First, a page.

Thursday, July 02, 2009

The Best and Worst of baby products: a post for expectant and new mums!

Warning: Shockingly long post, sorry. There is a list of recommended reading at the end if you like books but can't bear to read all this blurb! Skip to that if you like. We bought a lot of stuff we didn't bother with for our first baby. Similarly, there were lots of items we came to a bit “late” and wished we had known about/ bought them earlier! Here is a list of my personal best and worst baby buys, for each good thing, there is usually a similar or opposite crap thing to be avoided! I've told you why below! But don't let me pursued you, every baby, and parent, is different. Have a read, see what you think, but my best advice is not to buy loads of baby gear before baby arrives. As long as you are reasonably healthy after the birth (unlike me!) you will be able to leave the house and shop gently for things you discover you need, as and when you realise you need them. This will save endless trips to the charity shop later to off-load all your junk.

Best buy:
A sling: last time we didn't discover slings til Boy was 4 m old, but this time, I'll be packing a sling in my hospital bag! Newborns need lots of reassurance in this strange new world, my Boy needed to be held almost constantly. Slings give you the hands-free opportunity to keep your baby close to the familiar beat of your heart and sounds of your digestive system, and warmth and smell of you, all the things he craves. And you can make a sandwich at the same time! I struggled to bond last time, and to breastfeed, and slings are great for both these, and PND, you can go skin to skin under the sling, which helps with all three. Have a look at :, which make the stylish sling pictured above, and give info on the scientific benefits better than I can! Or for a bigger range and help choosing, try: we were very lucky to have a local slings group, with highly informed members just waiting to help (and become my friends :-)) and a massive library of slings (& related products) to borrow for free for a week to try before you buy.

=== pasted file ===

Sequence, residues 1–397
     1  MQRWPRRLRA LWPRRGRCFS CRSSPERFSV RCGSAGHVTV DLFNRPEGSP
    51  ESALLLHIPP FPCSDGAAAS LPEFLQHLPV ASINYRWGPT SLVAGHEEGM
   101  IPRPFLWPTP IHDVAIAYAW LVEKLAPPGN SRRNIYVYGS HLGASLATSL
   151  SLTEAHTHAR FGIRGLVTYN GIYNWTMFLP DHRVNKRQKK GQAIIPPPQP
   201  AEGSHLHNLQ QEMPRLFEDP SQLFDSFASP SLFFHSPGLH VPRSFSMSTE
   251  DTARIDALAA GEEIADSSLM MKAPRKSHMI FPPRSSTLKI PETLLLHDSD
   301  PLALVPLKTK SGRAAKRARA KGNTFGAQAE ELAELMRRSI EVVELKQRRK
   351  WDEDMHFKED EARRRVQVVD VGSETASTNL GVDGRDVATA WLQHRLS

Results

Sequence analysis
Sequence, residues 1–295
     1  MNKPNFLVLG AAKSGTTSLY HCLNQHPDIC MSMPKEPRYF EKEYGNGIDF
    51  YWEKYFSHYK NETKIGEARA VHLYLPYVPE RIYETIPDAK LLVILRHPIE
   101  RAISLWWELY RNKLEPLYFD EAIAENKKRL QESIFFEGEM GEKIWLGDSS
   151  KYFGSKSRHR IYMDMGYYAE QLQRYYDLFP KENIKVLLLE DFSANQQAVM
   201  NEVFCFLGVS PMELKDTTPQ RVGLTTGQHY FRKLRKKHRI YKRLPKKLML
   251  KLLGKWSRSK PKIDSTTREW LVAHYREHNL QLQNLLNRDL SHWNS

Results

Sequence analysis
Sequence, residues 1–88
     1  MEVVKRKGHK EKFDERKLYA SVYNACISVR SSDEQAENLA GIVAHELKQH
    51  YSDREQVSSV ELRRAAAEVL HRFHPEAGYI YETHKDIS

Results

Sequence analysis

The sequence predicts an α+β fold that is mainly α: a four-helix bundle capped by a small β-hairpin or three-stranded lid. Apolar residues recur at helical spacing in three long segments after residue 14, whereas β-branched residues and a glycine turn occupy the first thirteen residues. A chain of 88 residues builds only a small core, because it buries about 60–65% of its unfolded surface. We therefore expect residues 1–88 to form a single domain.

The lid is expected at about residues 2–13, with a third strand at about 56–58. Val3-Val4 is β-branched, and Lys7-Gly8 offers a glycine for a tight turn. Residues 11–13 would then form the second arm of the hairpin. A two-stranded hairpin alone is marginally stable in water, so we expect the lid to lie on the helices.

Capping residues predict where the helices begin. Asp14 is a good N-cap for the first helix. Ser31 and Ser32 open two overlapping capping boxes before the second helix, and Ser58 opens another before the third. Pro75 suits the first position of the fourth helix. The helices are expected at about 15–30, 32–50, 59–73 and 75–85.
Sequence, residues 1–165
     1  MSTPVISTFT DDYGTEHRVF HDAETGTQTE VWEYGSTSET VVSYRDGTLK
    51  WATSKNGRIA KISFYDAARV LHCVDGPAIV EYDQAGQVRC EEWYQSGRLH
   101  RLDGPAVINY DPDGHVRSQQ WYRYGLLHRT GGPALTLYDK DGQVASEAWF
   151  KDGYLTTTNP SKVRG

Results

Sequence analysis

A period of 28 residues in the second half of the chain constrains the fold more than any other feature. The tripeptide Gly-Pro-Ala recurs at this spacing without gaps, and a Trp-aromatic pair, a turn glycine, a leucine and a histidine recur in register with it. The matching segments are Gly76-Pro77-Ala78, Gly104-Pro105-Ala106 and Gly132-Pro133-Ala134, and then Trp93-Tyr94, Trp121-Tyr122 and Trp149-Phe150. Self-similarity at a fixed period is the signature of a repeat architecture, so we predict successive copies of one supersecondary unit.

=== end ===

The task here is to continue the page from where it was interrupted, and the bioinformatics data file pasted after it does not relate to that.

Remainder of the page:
Worst buy: PRAM! Every bugger will tell you that you need one, this is not necessarily the case. Ours (and at least two friends I know agree re: their own pram) was a complete waste of money, and is only used by Nana, thus lives at her house. If you have to relent to the pressure, put off buying one as long as possible, and then get a £20 buggy when baby can sit up, and Nana can use that, instead of spending £500 on an all-singing & dancing high tech model that will rot under your stairs, as ours did. Slings are the way to go, even when they get heavier, if you've always carried, your body adjusts naturally and you don't notice the weight gain, then before you know it, they are asking to walk anyway!

Best buy:
Ice pops: this is a weird one, and a bit horrible to think about. I had 3rd degree (i.e. very extensive) tearing during the birth, and spent 4 hrs being repaired in surgery. I was SORE. HID suggested popping an ice pop wrapped in a flannel in my knickers: the relief was immense. I also bought a cheap kids rubber ring to sit on for a while (6 months!!) too.

Best Buy: